It was a novel finding, one that seemed to demand more research. But perhaps the answer could lie somewhere in the intersection of memory, unlearning, and adaptation.
Memory and Unlearning
It is a little-known fact that memory is actually quite malleable. When you recall a memory, it becomes unstable and able to be adapted, updated, or even erased. For a memory to endure it needs to be re-stabilised when it is recalled. We call this ‘reconsolidation.’
If you present contradictory information to the recalled memory, you can basically stop it from being reconsolidated. This impacts the longevity and accuracy of the memory. This goes for all types of memory essentially (motor, emotional). In recent years we have begun to see therapeutic uses for this (which of course have to be ethical, as tampering with memory can have catastrophic results). One such application is Eye Movement Desensitization and Reprocessing (EMDR): a technique used to block reconsolidation and treat PTSD. The rapid side-to-side eye movement is performed while thinking about an emotionally charged memory. The effect is an almost immediate decrease in intensity of psychological pain associated with memories. The bilateral stimulation is thought to facilitate the erasure (adds a motor activity as a sensory stimulation)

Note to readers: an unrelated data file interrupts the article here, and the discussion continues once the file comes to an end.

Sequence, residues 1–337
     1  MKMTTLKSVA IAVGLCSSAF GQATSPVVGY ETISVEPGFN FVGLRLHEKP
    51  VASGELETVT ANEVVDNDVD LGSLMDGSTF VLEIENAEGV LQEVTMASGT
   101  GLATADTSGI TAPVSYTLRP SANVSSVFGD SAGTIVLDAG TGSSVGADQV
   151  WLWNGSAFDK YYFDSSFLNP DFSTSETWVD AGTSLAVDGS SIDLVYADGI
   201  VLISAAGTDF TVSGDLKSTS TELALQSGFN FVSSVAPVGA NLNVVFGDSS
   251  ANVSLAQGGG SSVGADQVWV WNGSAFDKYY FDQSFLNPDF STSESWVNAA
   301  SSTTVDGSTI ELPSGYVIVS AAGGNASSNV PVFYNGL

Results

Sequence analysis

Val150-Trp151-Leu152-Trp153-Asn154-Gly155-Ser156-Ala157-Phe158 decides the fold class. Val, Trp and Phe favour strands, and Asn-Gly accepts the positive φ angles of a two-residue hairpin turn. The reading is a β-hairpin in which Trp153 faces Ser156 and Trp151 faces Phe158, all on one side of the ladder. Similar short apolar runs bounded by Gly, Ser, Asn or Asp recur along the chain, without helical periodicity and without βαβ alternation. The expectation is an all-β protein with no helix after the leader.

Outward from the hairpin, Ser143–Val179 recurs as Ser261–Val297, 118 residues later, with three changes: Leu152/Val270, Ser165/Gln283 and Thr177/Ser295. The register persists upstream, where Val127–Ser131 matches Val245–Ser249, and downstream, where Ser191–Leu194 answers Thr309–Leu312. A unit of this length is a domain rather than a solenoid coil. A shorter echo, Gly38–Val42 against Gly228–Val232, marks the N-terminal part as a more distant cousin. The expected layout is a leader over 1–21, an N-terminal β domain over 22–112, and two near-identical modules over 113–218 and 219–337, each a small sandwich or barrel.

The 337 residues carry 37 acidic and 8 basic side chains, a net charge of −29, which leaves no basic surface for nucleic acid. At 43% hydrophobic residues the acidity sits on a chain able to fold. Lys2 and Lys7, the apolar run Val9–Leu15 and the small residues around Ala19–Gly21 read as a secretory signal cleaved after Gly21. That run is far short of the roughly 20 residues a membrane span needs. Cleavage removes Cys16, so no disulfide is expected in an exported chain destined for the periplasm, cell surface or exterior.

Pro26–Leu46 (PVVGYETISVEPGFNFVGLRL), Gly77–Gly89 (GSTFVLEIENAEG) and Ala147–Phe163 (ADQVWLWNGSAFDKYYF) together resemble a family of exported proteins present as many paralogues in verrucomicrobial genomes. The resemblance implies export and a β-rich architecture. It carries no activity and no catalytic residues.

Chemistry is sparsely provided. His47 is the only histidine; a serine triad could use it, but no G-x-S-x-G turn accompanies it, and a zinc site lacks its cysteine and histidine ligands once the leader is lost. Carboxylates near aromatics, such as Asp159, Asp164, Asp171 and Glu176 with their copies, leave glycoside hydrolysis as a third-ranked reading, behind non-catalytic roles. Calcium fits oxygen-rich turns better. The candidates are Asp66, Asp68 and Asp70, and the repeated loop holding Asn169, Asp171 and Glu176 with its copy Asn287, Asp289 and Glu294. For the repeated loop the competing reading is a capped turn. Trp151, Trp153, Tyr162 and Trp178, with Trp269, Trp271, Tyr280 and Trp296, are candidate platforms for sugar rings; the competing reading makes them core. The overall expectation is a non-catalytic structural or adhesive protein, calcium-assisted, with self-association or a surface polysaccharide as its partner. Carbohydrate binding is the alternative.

So then: how can we apply this to muscle inhibition? In the Weissfeld paper, Applied Kinesiology practitioners used a technique called the sub-maximal break (SMB) test to assess muscle strength (they would isolate a muscle and tell the participant to resist increasing force). The force resisted was ramped up until a stable robust resistance/strength is seen or the muscle gives way.
The practitioners involved in the Weissfeld study treated 8 patients and a total of 136 inhibited muscles. Participants had to have a medical history including no neurological or musculoskeletal disorders in order to be included. They had a follow up check at least seven days after treatment and a maximum of 42 days post treatment.
The results of the study were impressive. 91% of muscles reactivated following treatment with 88% remaining strong 15 days later.
So, what does this mean? Why would a modified AK protocol that includes an adjustment and a short application of massaging a muscle or applying an acupuncture point yield such profound results? It is this point, it is an answer only more research can answer, but it is exciting. Perhaps, as Weissfeld suggests, muscle inhibition is muscle PTSD: mPTSD if you like.
While we are going to have to sit on the edge of our seats and wait for more research to be done, but it does beg the question: how deeply is memory involved in other injuries, restrictions or disorders? Well done, Robert Weissfeld on this exciting hypothesis paper.